- Wounded healers are people whose painful experiences enable them to help others.
- Wounded healers are good listeners, empathetic, accepting, and resourceful. They view all experiences as opportunities.
- Wounded healers may be inside or outside of the helping professions.
Last week, during a casual lunch conversation with a friend, we spoke about trauma. She reminded me that we all are wounded. The comment made me stop to think.
My initial response was, “No, we are not.” But after thinking about it, I agreed. The difference in each of our situations is that we own our story. We are the only ones who can write the narrative of our lives.
Who are the wounded healers?
Many of us in the helping professions are wounded healers, as are many saints. Others, such as Mother Teresa, acknowledged their struggles with the darkness of doubt. St. Thomas More struggled with fear and depression. Psychiatrist Viktor Frankl, a survivor of a Nazi concentration camp, had his struggles and consequently helped others through his creation of logotherapy—a therapeutic approach to helping people find their life purpose. He wrote about this in-depth in his book, Man’s Search for Meaning.
In his book Psychology of the Future, Stanislav Grof tells us that shamans “typically undergo a journey into the underworld, the realm of the dead, where they are attacked by demons and exposed to horrendous tortures and ordeals." In discussing novice shamans who are healers, Grof writes that they develop deep contact with the forces of nature and with animals, both in their natural form and their archetypal versions—“animal spirits” or “power animals." These visionary journeys tend to be healing because those who were traumatized become liberated from emotional, psychosomatic, and physical diseases. This is one reason shamans have often been called wounded healers.
The wounded healer archetype
The wounded healer archetype is a term coined by Swiss psychiatrist Carl Jung. Wounded healers are often intuitive and insightful. By sharing their stories, they can help inspire others on their journeys.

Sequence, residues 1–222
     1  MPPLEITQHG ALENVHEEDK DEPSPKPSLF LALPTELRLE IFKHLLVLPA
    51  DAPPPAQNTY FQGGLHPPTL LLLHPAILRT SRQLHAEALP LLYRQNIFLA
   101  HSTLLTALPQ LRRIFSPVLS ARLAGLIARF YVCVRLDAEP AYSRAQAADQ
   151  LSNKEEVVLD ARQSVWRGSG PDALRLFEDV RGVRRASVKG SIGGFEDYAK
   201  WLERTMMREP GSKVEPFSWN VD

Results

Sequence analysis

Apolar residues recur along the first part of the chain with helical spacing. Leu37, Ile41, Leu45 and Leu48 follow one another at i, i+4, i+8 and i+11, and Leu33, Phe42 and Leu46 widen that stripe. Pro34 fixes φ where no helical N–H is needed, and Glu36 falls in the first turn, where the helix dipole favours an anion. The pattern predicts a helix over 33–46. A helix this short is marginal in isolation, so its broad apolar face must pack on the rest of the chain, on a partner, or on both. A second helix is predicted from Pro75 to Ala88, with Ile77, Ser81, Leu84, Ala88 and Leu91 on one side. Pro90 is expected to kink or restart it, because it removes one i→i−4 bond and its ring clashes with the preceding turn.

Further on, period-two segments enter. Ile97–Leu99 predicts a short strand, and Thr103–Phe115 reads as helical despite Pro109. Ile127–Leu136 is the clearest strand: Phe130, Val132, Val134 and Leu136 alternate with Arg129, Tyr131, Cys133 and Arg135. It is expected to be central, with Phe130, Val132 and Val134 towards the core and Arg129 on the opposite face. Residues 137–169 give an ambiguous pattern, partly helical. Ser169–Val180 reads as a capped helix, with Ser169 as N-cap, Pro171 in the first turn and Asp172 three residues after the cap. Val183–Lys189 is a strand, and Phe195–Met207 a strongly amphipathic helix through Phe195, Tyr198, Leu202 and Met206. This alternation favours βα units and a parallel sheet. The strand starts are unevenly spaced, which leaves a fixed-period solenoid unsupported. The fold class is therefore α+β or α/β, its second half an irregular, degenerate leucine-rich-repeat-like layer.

As mentioned in a recent post by Roger M. Cahak, Jung proposed that therapists who had been wounded can provide their clients with a deeper empathy, patience, and acceptance. In fact, it’s our own hurt and pain that provide us with the power to heal others. Whether a healer or not, to be able to listen to other people’s stories, we must be able to be self-aware and learn how to listen deeply to our own stories.
What wounded healers do
One of my favorite stories that I read as a young woman was Gift from the Sea by Anne Morrow
Lindbergh. I was fortunate to hear Lindbergh speak at a writer’s conference early in my career. A wounded healer herself, I’ll never forget what she said that day: “We must use any signposts that exist to help us through the wilderness.”
In short, wounded healers have many offerings. They are unusually empathetic, possess a great deal of knowledge, and tend to have the ability to offer others a great deal of hope and perspective—two important features of the healing process.
Wounded healers don’t all necessarily work in the helping professions. They can be mothers, fathers, or found in many other vocations. They often have a tendency to make their family and friends feel better, especially when their loved ones experience challenging times. Because they’ve dealt with their own challenges in the past, they more easily understand hardship. They also know, like therapists, that to help others heal, it’s important to instill hope so the person is able to see the light in their darkness.
Sometimes people can be wounded, but they don’t know the magnitude until there is a trigger, such as suddenly dealing with mental health challenges like depression. As Romanyshyn says, “The more light we bring to the unconscious, the deeper the darkness of the unconscious becomes." In other words, the more we come to know, the more we come to understand what we don’t know.
Characteristics of a wounded healer
Here are some characteristics of a wounded healer:
- You are a lifelong seeker.
- You have a strong sense of purpose.
- People call on you when in need.
- You’ve helped people since you were a child.
- You look at all experiences as an opportunity for growth.
- You’re able to find the calm in the chaos.
Cahak, Roger M. (2021). “Is Your Therapist a Wounded Healer?” Psychology Today. December 30, 2021.
Dunning. Trisha. (2006) “Caring for the Wounded Healer—nurturing the self.” Journal of Bodywork. Vol 20 (4). P. 251-60.
Grof, S. (2000). Psychology of the Future. New York: State University of New York.
Hankir, R. Zaman and F. Carrick. (2021). Trauma and the Role of the Wounded Healer. Cambridge University Press. August 13.